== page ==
Nawas, Z / Hatch, M / Ramos, E / Liu, M / Tong, Y / Peranteau, A / Tyring, S. ·Center For Clinical Studies, Houston, TX, USA. · Texas Tech School of Medicine, Texas Tech University Health Sciences Center, Lubbock, TX, USA. · Baylor College of Medicine, Houston, TX, USA. · Center For Clinical Studies, Houston, TX, USA; Department of Dermatology, University of California San Diego, La Jolla, CA, USA. · Department of Dermatology, University of Texas Health Science Center, Houston, TX, USA. ·Skin Therapy Lett · Pubmed #28329405.

ABSTRACT: Psoriasis is a chronic inflammatory skin disorder that affects 2% of the population. Evidence suggests that interleukin (IL)-23 plays a pivotal role in the pathogenesis of psoriasis. Guselkumab is a subcutaneously administered, humanized anti-IL23 monoclonal antibody indicated for the treatment of moderate-to-severe plaque psoriasis. Data from Phase I-III trials in this patient population reveal that guselkumab has proven to be superior to placebo or adalimumab based on achieving a Psoriasis Area and Severity Index (PASI) 90% reduction, or a static Physician Global Assessment (sPGA) score of 0 or 1 from baseline. This article reviews the current status of guselkumab as a therapy for moderate-to-severe plaque psoriasis.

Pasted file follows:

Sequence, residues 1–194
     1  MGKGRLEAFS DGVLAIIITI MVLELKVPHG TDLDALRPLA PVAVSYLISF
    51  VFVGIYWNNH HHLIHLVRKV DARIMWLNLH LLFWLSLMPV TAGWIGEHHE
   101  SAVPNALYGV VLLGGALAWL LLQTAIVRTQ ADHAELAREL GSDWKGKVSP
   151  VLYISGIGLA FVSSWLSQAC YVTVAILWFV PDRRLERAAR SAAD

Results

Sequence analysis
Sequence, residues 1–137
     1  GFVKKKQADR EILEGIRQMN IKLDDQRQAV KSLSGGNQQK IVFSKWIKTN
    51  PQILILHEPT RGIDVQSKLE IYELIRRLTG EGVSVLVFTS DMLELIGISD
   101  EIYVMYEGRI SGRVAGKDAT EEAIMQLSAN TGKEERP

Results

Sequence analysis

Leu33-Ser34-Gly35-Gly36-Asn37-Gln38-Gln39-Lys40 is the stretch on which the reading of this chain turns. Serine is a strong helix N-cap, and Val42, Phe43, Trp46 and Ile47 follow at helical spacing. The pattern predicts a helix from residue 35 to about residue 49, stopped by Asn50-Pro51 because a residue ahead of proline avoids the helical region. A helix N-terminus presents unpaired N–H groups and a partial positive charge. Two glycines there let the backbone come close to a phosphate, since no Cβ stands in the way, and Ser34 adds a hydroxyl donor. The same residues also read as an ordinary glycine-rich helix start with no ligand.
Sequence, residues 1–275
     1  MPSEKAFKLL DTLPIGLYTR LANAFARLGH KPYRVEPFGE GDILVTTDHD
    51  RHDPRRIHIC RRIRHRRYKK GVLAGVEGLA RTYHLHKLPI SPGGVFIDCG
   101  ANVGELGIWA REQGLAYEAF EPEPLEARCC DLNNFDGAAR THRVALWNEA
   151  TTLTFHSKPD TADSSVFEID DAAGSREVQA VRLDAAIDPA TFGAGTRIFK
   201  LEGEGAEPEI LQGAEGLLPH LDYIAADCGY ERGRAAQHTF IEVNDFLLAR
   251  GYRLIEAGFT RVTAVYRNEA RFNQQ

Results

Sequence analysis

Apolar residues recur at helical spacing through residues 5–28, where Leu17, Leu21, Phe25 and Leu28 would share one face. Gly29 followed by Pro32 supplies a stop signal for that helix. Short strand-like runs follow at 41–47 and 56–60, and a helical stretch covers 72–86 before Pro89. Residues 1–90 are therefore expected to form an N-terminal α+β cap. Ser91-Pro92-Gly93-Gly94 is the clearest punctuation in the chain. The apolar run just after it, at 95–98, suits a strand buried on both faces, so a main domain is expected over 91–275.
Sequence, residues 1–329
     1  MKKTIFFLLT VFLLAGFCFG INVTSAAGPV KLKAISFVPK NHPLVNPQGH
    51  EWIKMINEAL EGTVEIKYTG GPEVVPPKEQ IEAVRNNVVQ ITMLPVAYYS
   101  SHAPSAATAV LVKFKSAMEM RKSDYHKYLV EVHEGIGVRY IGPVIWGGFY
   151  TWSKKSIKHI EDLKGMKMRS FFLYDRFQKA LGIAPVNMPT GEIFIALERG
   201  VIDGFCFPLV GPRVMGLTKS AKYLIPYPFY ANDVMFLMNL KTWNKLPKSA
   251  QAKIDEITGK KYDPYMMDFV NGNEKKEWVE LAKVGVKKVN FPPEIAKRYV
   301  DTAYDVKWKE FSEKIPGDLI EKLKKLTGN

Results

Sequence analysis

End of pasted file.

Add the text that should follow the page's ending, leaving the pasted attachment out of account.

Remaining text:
13 Review A Review of Brodalumab, an IL-17 Receptor Antagonist, for Moderate-to-Severe Plaque Psoriasis. 2017